BFIs asked to add another loan type

- POST REPORT, Kathmandu

Mar 13, 2015-

Nepal Rastra Bank (NRB) on Friday ordered banks and financial institutions (BFIs) to add a new category watch list in their loan classification list.  

BFIs will now have to classify their loans into five categories including watch list. The other categories are pass (good) loan, substandard, doubtful and loss (bad) loan.  For loans in the watch list class, BFIs will have to maintain provisioning of 5 percent.  

The central bank has fixed the criteria for classifying a loan under watch list. A loan having met all the criteria of a good loan but showing signs of vulnerability will have to be categorized under the new loan type, according to a new NRB directive.

An NRB official said that the move had been taken as risks appeared even in good loans under the existing loan categorization.

According to the new directive, loans that have not crossed the repayment period or have fallen behind by three months should be categorized under good loan. Provisioning for this type of loan has been fixed at 1 percent.

However, if a borrower has a history of not repaying loan instalments as per the set timetable, the loan should be put under the new category. For example, if a borrower has failed to repay the principal and interest in monthly, quarterly or half-yearly instalments as planned, the loan will come under watch list.

Likewise, a loan whose maturity period has been extended temporarily and not been renewed will come under this new category.

A loan provided to a firm against the security of receivable amount but which will not be received in the next three months will come under the new category.

Similarly, a loan issued to a firm which has not made payment to suppliers of raw materials for more than three months will also come under watch list.  

For example, if a factory has received a loan of Rs250 million and it also owes the same amount to its raw material suppliers but does not have the cash to make payment or does not have goods in stock and amounts to be received, the loan will come under the new category.

Likewise, if a loan taken by a borrower from another bank or financial institution turns into a non-performing loan (NPL), and if the firm has a negative cash flow, negative operating capital and negative net worth for the last two years, its good loans will also come under watch list. Here, operating capital means the remaining assets after deducting operating liability from operating capital.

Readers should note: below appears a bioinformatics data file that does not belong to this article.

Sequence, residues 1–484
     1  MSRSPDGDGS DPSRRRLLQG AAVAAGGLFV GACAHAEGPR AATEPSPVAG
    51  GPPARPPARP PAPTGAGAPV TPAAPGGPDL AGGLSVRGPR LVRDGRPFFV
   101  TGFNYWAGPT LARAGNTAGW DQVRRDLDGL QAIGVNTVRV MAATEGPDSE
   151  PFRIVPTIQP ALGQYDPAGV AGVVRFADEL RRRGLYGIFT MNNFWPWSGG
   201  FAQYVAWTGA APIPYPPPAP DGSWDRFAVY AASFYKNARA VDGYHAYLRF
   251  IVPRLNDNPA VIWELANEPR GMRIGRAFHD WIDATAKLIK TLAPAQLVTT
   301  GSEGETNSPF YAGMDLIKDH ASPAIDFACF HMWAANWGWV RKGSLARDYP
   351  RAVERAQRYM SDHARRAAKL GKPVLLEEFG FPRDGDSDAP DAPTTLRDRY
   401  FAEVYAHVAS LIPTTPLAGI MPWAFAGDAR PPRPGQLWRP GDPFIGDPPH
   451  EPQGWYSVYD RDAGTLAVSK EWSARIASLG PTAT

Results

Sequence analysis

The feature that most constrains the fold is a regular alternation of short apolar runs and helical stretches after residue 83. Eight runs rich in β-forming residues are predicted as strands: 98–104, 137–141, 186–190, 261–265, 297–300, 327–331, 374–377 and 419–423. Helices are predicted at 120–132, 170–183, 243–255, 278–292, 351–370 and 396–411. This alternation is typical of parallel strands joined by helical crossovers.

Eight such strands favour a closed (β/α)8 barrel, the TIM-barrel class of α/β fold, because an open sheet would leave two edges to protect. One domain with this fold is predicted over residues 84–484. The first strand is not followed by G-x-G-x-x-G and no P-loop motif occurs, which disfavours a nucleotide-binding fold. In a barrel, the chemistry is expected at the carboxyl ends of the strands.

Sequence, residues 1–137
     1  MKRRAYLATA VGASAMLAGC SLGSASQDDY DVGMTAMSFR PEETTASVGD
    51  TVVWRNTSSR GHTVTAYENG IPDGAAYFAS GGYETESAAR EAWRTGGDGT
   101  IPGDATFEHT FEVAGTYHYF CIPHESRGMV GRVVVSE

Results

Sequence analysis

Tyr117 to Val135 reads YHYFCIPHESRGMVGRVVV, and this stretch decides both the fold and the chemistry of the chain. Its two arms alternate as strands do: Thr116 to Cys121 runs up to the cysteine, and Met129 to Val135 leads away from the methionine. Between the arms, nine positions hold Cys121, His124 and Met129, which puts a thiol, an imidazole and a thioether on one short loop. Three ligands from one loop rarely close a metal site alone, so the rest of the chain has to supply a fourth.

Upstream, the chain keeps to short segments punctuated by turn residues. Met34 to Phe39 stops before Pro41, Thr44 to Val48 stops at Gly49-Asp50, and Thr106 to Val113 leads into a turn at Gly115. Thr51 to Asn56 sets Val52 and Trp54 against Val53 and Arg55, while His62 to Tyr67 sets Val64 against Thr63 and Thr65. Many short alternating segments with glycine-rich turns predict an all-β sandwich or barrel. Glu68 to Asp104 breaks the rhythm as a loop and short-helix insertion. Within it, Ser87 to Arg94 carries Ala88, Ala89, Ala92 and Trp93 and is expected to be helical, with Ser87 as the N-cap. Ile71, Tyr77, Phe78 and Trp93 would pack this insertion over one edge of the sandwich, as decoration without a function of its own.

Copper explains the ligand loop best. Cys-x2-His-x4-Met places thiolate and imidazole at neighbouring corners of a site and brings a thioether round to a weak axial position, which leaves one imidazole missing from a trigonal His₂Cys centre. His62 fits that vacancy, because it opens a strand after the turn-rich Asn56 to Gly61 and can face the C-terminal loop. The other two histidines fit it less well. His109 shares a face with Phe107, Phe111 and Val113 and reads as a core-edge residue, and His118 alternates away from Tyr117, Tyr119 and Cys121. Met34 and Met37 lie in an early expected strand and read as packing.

Cheque clearing fee banned



Nepal Rastra Bank (NRB) on Friday instructed banks and financial institutions not to charge a fee for clearing cheques for less than Rs200,000. Earlier, banks had decided to charge a fee for clearing cheques for more than Rs5,000. The Nepal Bankers’ Association had fixed the charge at Rs5 to Rs100 per cheque. A senior NRB official said that the move had been taken to discourage cash transactions and promote transactions by cheque even though they may be small.


Fill vacant posts pronto, says NRB



Nepal Rastra Bank on Friday directed banks and financial institutions to fill the vacant posts of chief executive officer and managers within three months of their falling vacant. Currently, a number of banks and financial institutions have been operating without a chief executive officer and are being run by acting chief executives. “The tendency of keeping the top executive post vacant for a long time allows the chairman to exercise executive powers, and that increases the risk of misuse of such powers for personal gain,” said an NRB  source. “So we have asked BFIs to fill such posts within 3 months.


Published: 14-03-2015 07:58

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